“Stay in school.” -Mick Foley on advice to aspiring professional wrestlers.
It’s not too surprising that the hardcore legend cited an education as a fall back plan to those that decided they wanted to pursue the often unpredictable and unforgiving career path of sports entertainment. Mick’s mentor and trainer, the legendary, Dominic DeNucci told Foley’s fellow trainee that if he wanted to learn the grappling arts, he had to complete his education. Foley’s classmate between the ring ropes at a small building in Freedom, PA was Pittsburgh native, Shane Douglas.
When it comes to professional wrestling and education, another grappler from the steel city chose to blend the two for his senior project in high school, a decision that would ultimately have a major effect on the direction of his life.
Chris LeRusso, a nearly 18-year pro, attended an independent wrestling event during his impressionable high school years and was shocked to see that the athletic spectacle that he was obsessed with since his time in kindergarten could actually be seen live in the town where he lived.
“When I was in high school in Altoona, PA, I saw my first independent wrestling show at the Frankstown Armory. I had never been that close to the action and for the first time, the ring seemed within reach, Figuratively and literally,” LeRusso explained.
With professional wrestlers in his area code, LeRusso sheepishly asked the promoter of that armory event for an interview for his school project. That promoter was Ken Downs, a now-retired wrestler that has worked in the industry in some form or fashion through either performing or promoting for nearly 23 years. By 2003, when Chris still had to get his homework done before he could energetically dart out the door to head to the local matches, Downs was promoting cards under the Keystone Championship Wrestling banner, an organization that ran successfully in central PA for several years. Eventually, Chris garnered the courage to ask Downs, known in the ring as Kato, about his training center, which was a fixture of KCW events as many of his students were staples of the promotion.
The newbie realized that the tedious process of learning to land on the canvas wasn’t quite as glamours as watching the Ultimate Warrior ricochet off the ropes when he was a youngster, but he was so invested in the journey that he soaked up the in-ring knowledge like a sponge.
“Chris was still in high school when I first met him. He started training with me shortly after graduation,” Downs said.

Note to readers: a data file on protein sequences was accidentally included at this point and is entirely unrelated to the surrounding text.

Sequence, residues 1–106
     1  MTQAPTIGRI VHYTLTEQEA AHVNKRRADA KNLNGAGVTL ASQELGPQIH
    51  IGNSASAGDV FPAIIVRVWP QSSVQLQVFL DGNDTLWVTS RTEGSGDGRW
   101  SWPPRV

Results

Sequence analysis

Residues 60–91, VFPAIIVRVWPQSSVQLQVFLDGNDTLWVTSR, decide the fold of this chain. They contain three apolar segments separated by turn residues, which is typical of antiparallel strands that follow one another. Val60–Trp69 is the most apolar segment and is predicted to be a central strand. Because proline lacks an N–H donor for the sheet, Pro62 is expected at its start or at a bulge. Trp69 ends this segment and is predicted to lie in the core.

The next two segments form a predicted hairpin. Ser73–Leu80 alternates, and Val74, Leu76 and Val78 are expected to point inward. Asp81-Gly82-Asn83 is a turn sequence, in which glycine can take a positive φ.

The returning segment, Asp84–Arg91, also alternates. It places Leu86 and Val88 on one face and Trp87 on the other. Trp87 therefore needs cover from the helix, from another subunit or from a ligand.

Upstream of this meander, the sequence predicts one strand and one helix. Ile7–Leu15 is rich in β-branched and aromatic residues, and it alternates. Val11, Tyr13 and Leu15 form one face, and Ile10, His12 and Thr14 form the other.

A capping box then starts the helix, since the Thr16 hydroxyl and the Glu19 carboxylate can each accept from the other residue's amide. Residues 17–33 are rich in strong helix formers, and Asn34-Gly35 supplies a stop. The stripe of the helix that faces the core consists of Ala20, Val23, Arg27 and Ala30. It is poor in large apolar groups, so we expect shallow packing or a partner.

“Kato’s training focused on the psychology and mental aspect of training just as much as the physical aspect, if not more so. I can still remember him saying over and over again ‘there need to be rhyme and reason to the heat.’ So even early on, I appreciated the storytelling and making the matches make sense,” LeRusso explained.
Just as 2003 was coming to a close, a nervous, but excited “Chaotic” Chris LeRusso bounded to the ring for his debut match, his attire and mannerisms innocently borrowed from Rob Van Dam, an athlete he cites as one of his early influences. Despite the nervous energy after the opening bell to his wrestling career, the 18-year-old LeRusso showed a lot of pose and potential, especially for his first match in the same venue that started his journey prior to that. He spent the next few years doing what a majority of hopefuls have to do if they want to make progress along their path, he gained valuable experience to become more seasoned as a competitor. He made the car trips and zigzagged around the tri-state arena to whatever show he could, no matter how big or small, to get the chance to perform in front of an audience. Sometimes those reps were taken for a sparely-attended card in the middle of nowhere in West Virginia or for a packed house back at the KCW armory. Either way, Chris saw each event as a way to better himself as an athlete.
When he wasn’t hitting the mat, Chris hit the books, as he did his under graduate studies at Pitt University, graduating in 2007 before he was accepted into law school at Duquesne University, where he passed the Bar Exam in 2010 to become lawyer. Today, when he’s not physically pummeling opponents in the ring, he body slams foes legally as a practicing attorney. As is the case for many wrestlers in their formative years, he began to branch out from central Pennsylvania toward the Pittsburgh area, becoming a regular for the now-defunct Pro Wrestling Express organization, as well as other groups based around the steel city. However, balancing the law and the lariats during his period of higher education proved to be extremely difficult. It wasn’t uncommon for LeRusso to arrive home very late on a Saturday night from a wrestling card and have to dive into school subjects just a few hours later to study for a test on Monday.